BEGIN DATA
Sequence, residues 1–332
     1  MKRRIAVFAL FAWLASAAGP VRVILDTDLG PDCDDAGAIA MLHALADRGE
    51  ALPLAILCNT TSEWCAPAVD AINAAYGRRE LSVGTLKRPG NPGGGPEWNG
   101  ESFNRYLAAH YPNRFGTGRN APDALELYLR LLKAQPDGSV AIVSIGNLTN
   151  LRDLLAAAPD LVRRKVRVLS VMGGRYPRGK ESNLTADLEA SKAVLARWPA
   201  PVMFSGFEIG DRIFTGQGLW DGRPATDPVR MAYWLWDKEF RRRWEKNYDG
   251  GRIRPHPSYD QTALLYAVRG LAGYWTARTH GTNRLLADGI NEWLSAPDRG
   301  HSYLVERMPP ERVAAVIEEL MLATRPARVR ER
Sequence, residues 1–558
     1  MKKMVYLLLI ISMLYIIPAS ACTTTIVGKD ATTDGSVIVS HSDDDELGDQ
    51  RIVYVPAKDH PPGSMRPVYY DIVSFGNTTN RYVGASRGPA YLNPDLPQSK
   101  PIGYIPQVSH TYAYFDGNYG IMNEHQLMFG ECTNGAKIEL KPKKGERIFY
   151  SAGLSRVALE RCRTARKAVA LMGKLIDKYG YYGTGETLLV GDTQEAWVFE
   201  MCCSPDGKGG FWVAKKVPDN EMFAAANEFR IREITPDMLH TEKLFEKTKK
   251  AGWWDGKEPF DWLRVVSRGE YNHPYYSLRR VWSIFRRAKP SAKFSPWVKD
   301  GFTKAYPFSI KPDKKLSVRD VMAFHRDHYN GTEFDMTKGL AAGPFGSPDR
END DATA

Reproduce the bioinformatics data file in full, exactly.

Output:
Sequence, residues 1–332
     1  MKRRIAVFAL FAWLASAAGP VRVILDTDLG PDCDDAGAIA MLHALADRGE
    51  ALPLAILCNT TSEWCAPAVD AINAAYGRRE LSVGTLKRPG NPGGGPEWNG
   101  ESFNRYLAAH YPNRFGTGRN APDALELYLR LLKAQPDGSV AIVSIGNLTN
   151  LRDLLAAAPD LVRRKVRVLS VMGGRYPRGK ESNLTADLEA SKAVLARWPA
   201  PVMFSGFEIG DRIFTGQGLW DGRPATDPVR MAYWLWDKEF RRRWEKNYDG
   251  GRIRPHPSYD QTALLYAVRG LAGYWTARTH GTNRLLADGI NEWLSAPDRG
   301  HSYLVERMPP ERVAAVIEEL MLATRPARVR ER
Sequence, residues 1–558
     1  MKKMVYLLLI ISMLYIIPAS ACTTTIVGKD ATTDGSVIVS HSDDDELGDQ
    51  RIVYVPAKDH PPGSMRPVYY DIVSFGNTTN RYVGASRGPA YLNPDLPQSK
   101  PIGYIPQVSH TYAYFDGNYG IMNEHQLMFG ECTNGAKIEL KPKKGERIFY
   151  SAGLSRVALE RCRTARKAVA LMGKLIDKYG YYGTGETLLV GDTQEAWVFE
   201  MCCSPDGKGG FWVAKKVPDN EMFAAANEFR IREITPDMLH TEKLFEKTKK
   251  AGWWDGKEPF DWLRVVSRGE YNHPYYSLRR VWSIFRRAKP SAKFSPWVKD
   301  GFTKAYPFSI KPDKKLSVRD VMAFHRDHYN GTEFDMTKGL AAGPFGSPDR